Development of a new correlation to determine the static Young’s modulus

Salaheldin Elkatatny, Mohamed Mahmoud, Ibrahim Mohamed & Abdulazeez Abdulraheem
Paper presented at Journal of Petroleum Exploration and Production Technology volume 8, pages17–30 (2018)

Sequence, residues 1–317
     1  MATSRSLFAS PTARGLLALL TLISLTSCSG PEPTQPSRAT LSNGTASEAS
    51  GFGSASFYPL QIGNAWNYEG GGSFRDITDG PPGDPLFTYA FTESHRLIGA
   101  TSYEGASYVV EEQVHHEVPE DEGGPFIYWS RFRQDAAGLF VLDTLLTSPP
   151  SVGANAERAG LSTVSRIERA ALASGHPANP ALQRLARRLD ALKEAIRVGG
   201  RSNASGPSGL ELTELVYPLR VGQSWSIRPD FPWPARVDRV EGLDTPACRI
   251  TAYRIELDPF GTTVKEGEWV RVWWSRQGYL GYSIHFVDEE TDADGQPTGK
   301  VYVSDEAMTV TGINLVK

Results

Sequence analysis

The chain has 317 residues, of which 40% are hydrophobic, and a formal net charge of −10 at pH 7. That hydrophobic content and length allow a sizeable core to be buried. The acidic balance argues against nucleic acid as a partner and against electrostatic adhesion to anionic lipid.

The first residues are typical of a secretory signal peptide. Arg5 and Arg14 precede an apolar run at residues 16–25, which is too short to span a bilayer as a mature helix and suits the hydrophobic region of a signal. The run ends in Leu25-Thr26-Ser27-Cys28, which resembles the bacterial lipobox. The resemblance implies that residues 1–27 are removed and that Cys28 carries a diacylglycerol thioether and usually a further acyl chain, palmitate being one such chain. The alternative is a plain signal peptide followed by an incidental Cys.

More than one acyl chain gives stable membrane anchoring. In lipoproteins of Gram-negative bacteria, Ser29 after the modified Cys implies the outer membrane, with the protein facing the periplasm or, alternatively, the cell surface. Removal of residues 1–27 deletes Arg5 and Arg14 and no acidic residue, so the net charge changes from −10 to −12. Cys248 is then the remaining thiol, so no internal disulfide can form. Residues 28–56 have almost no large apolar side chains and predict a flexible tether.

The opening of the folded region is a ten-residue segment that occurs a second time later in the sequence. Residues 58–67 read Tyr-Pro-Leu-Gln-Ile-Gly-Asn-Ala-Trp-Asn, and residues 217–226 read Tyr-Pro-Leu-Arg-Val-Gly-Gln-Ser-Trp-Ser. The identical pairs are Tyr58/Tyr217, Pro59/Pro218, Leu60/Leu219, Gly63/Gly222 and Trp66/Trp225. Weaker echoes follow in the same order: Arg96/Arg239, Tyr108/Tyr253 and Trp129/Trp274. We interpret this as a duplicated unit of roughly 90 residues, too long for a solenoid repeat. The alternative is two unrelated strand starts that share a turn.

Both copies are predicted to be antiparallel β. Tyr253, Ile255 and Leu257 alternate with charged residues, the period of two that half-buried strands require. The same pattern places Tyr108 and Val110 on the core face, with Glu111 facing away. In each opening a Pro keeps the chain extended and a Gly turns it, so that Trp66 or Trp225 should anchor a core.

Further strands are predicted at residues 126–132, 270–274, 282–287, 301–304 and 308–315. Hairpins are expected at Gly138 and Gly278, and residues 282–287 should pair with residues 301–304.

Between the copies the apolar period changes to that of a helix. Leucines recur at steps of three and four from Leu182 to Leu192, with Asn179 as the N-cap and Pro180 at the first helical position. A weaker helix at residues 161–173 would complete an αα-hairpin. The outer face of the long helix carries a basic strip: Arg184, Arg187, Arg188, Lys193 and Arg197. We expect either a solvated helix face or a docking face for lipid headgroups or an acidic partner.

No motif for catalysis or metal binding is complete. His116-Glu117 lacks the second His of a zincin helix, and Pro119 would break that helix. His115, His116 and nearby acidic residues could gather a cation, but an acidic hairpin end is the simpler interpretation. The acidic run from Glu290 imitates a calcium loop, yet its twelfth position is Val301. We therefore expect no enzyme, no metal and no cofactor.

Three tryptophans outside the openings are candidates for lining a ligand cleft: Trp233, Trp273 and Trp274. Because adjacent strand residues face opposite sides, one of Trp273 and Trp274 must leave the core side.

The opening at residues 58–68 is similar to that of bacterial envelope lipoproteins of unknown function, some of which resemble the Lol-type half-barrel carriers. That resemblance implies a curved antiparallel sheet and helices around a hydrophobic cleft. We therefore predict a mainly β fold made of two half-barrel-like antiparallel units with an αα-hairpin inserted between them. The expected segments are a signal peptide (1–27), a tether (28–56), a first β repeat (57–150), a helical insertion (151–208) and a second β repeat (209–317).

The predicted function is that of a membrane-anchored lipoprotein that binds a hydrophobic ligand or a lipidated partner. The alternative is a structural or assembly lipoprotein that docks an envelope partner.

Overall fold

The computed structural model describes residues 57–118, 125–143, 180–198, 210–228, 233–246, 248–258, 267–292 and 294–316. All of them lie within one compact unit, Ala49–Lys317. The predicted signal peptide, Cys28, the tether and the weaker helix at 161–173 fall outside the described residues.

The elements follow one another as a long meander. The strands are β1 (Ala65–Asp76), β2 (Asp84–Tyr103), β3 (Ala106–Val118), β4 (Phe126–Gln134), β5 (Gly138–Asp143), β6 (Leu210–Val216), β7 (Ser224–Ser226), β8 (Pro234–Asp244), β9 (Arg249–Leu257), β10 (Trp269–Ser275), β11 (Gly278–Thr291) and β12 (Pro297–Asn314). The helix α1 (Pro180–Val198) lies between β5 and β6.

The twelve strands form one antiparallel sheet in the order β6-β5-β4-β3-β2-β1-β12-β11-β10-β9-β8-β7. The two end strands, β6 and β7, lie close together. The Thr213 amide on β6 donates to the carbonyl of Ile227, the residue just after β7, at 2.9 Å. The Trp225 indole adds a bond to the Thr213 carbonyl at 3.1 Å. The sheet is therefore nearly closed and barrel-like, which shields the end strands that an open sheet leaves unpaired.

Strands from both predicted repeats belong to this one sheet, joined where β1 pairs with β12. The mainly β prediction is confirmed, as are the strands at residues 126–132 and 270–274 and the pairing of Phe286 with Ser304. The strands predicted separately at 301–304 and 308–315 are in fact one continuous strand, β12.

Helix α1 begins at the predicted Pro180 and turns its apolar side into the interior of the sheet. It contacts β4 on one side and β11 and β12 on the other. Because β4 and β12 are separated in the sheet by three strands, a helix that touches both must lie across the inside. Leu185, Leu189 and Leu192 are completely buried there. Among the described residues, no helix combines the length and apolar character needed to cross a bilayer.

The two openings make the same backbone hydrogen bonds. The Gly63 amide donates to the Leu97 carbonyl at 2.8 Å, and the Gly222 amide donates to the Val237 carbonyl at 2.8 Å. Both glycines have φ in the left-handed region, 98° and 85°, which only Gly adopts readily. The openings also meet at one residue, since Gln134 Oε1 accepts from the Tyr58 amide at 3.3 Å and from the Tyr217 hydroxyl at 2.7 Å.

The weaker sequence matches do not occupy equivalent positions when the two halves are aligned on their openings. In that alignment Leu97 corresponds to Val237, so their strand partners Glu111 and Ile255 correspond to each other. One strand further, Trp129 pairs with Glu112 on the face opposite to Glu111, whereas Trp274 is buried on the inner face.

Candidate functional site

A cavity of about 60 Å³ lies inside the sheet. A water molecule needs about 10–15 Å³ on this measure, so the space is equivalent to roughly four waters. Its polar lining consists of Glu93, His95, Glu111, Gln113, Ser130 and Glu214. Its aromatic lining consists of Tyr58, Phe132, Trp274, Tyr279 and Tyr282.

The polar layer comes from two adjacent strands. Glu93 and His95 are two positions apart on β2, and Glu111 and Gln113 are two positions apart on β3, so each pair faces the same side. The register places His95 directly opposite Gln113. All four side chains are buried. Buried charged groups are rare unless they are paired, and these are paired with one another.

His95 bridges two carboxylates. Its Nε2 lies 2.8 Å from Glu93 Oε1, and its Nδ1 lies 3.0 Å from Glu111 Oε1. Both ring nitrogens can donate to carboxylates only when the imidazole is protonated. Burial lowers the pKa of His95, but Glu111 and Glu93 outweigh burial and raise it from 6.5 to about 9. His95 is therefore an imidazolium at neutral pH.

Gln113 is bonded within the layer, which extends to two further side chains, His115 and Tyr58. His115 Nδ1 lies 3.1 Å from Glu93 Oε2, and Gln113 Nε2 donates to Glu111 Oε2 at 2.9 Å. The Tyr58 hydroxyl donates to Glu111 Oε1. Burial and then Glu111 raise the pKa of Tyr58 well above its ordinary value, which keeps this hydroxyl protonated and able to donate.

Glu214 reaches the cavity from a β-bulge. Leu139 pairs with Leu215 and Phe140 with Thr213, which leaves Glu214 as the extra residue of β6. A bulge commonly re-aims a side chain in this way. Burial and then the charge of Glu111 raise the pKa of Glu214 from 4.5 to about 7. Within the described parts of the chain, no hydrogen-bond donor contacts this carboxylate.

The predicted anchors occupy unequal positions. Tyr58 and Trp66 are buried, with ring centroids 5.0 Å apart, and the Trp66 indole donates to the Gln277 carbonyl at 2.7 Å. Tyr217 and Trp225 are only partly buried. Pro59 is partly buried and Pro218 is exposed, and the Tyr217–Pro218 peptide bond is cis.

The estimation of the in situ stresses is very crucial in oil and gas industry applications. Prior knowledge of the in situ stresses is essential in the design of hydraulic fracturing operations in conventional and unconventional reservoirs. The fracture propagation and fracture mapping are strong functions of the values and directions of the in situ stresses. Other applications such as drilling require the knowledge of the in situ stresses to avoid the wellbore instability problems. The estimation of the in situ stresses requires the knowledge of the Static Young’s modulus of the rock. Young’s modulus can be determined using expensive techniques by measuring the Young’s modulus on actual cores in the laboratory. The laboratory values are then used to correlate the dynamic values derived from the logs. Several correlations were introduced in the literature, but those correlations were very specific and when applied to different cases they gave very high errors and were limited to relating the dynamic Young’ modulus with the log data. The objective of this paper is to develop an accurate and robust correlation for static Young’s modulus to be estimated directly from log data without the need for core measurements. Multiple regression analysis was performed on actual core and log data using 600 data points to develop the new correlations. The static Young’s modulus was found to be a strong function on three log parameters, namely compressional transit time, shear transit time, and bulk density. The new correlation was tested for different cases with different lithology such as calcite, dolomite, and sandstone. It gave good match to the measured data in the laboratory which indicates the accuracy and robustness of this correlation. In addition, it outperformed all correlations from the literature in predicting the static Young’s modulus. It will also help in saving time as well as cost because only the available log data are used in the prediction.